Call centre standards falling

Local authority call centres need to improve efficiency or risk alienating the public they are meant to serve

Local authority call centres need to improve efficiency or risk alienating the public they are meant to serve

Call centres in local authorities are in danger of falling well below standard or even failing, according to a new report, writes Robert Dunt. The research, conducted by the Foundation for Information Technology in Local Government (Fitlog), revealed that 75% of daily enquiries to local authorities come via the phone.

But the report shows that typically 25% of calls or more are lost. In some cases, the figure can be much higher.

In December 1998, research by the Association of London Government found that almost one in two Londoners had problems getting their council on the phone.

Prime Minister Tony Blair may have recently been criticised for including telephones in his raft of new government targets on e-commerce for 2005 - due to the fact that by including phones, targets become more achievable - but the report shows that even when telephones are involved there is no guarantee of a smooth ride.

However, despite the growth of the Internet, the research claims that the phone will remain most people's favourite method of getting in touch with their council.

According to the report, entitled Making Contact - Developing Successful Call Centres in Local Government, the solutions for call centres lie not just in changing the call handling methods but in revolutionising the way the whole local authority works.

"Call centres aren't a technological fix," said Fitlog's chairman Chris Hurford. "What is clear is that they require a real commitment from everyone in the authority, including councillors and senior officers."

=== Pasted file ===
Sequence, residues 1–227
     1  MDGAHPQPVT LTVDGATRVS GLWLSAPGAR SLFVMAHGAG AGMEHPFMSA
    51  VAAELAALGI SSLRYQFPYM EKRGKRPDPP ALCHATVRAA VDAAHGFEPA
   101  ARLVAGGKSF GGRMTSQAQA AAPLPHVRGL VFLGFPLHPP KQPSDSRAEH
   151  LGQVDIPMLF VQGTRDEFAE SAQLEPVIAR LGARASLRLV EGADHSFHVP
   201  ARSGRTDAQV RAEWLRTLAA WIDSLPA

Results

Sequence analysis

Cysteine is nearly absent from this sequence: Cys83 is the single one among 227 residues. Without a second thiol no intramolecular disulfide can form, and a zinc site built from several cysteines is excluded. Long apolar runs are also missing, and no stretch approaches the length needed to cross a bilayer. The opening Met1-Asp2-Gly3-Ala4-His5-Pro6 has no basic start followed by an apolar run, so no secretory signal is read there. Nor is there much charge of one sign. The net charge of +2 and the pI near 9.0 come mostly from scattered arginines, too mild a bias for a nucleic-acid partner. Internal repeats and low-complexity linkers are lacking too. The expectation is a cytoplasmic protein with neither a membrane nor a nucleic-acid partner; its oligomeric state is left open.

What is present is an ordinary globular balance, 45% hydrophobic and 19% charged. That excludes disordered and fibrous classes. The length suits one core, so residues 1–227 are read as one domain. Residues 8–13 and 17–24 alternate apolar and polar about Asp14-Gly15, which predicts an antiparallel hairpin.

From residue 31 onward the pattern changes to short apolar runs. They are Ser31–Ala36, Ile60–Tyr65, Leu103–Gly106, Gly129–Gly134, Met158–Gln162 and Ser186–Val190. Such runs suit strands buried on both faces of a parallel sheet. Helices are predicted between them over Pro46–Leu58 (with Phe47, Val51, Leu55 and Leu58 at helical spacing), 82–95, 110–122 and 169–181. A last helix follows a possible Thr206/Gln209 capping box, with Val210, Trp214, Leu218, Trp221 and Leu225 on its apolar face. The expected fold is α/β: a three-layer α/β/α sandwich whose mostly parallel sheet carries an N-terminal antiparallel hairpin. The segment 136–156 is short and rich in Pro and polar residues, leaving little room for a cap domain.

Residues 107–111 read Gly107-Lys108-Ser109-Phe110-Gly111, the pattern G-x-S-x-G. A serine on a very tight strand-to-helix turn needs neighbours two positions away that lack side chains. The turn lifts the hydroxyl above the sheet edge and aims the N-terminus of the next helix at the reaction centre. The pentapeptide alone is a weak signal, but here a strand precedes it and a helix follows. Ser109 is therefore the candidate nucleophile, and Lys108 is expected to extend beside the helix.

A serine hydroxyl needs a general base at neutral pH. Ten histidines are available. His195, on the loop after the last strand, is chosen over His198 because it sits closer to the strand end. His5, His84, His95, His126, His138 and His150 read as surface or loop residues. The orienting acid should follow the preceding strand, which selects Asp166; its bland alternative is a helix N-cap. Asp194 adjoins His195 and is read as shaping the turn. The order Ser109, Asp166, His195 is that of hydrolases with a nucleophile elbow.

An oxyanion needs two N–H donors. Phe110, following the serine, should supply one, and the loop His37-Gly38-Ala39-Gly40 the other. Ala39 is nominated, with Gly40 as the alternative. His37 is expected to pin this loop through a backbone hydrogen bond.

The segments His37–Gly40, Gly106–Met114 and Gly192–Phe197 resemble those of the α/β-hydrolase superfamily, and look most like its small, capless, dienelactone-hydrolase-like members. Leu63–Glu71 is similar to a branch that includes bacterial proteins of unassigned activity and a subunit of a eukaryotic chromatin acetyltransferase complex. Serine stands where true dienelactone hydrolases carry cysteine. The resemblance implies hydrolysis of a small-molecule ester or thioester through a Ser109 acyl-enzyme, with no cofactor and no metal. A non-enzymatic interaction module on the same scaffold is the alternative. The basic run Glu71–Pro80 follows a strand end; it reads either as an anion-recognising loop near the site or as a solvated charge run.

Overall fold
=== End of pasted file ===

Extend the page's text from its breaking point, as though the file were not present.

The report's author, Fitlog's David Hunter, agreed. He said a group of people at the front-end making contact easier and being pleasant to customers is not enough. The whole delivery process needs to be changed.

"If you order housing repairs but the people don't turn up or they do a bad job then it's not really much of an improvement. It really is a matter of thinking about the process," said Hunter.

One aspect of this problem the report examines is the need for a good check on "hands-off" areas - points where call staff have to transfer an enquiry to another part of the authority or organisation and where service breakdowns often occur.

The report claims that problems could be reduced not only by establishing a set of guidelines, but by developing a general knowledge in the authority of priorities and ensuring there are enough staff to handle queries when they arrive.

Other suggestions for improving efficiency included having more specialised staff in the call centres who would be able to answer complicated questions straight away.

However, the report warns that if call centre practice is not reviewed nor oriented towards customers then call centres could become a barrier to the public.

Hunter added that where call centres were falling below expectation it was often not the fault of the call centre itself.

Copies of the report Making Contact - Developing Successful Call Centres in Local Government can be ordered from


Technologies that the report suggests call centre advisers need to improve efficiency:

Managing call traffic

  • Main telephone system (PABX)

  • Automated call distribution (ACD)

  • Interactive voice response (IVR)

  • Customer announcements

  • Call recording

    Dealing with calls

  • Customer contact management

  • Scripting

  • Case-based reasoning

    Resolving enquiries

  • Applications systems

  • Intranets

  • Workflow

  • Document image processing

  • Geographic information systems

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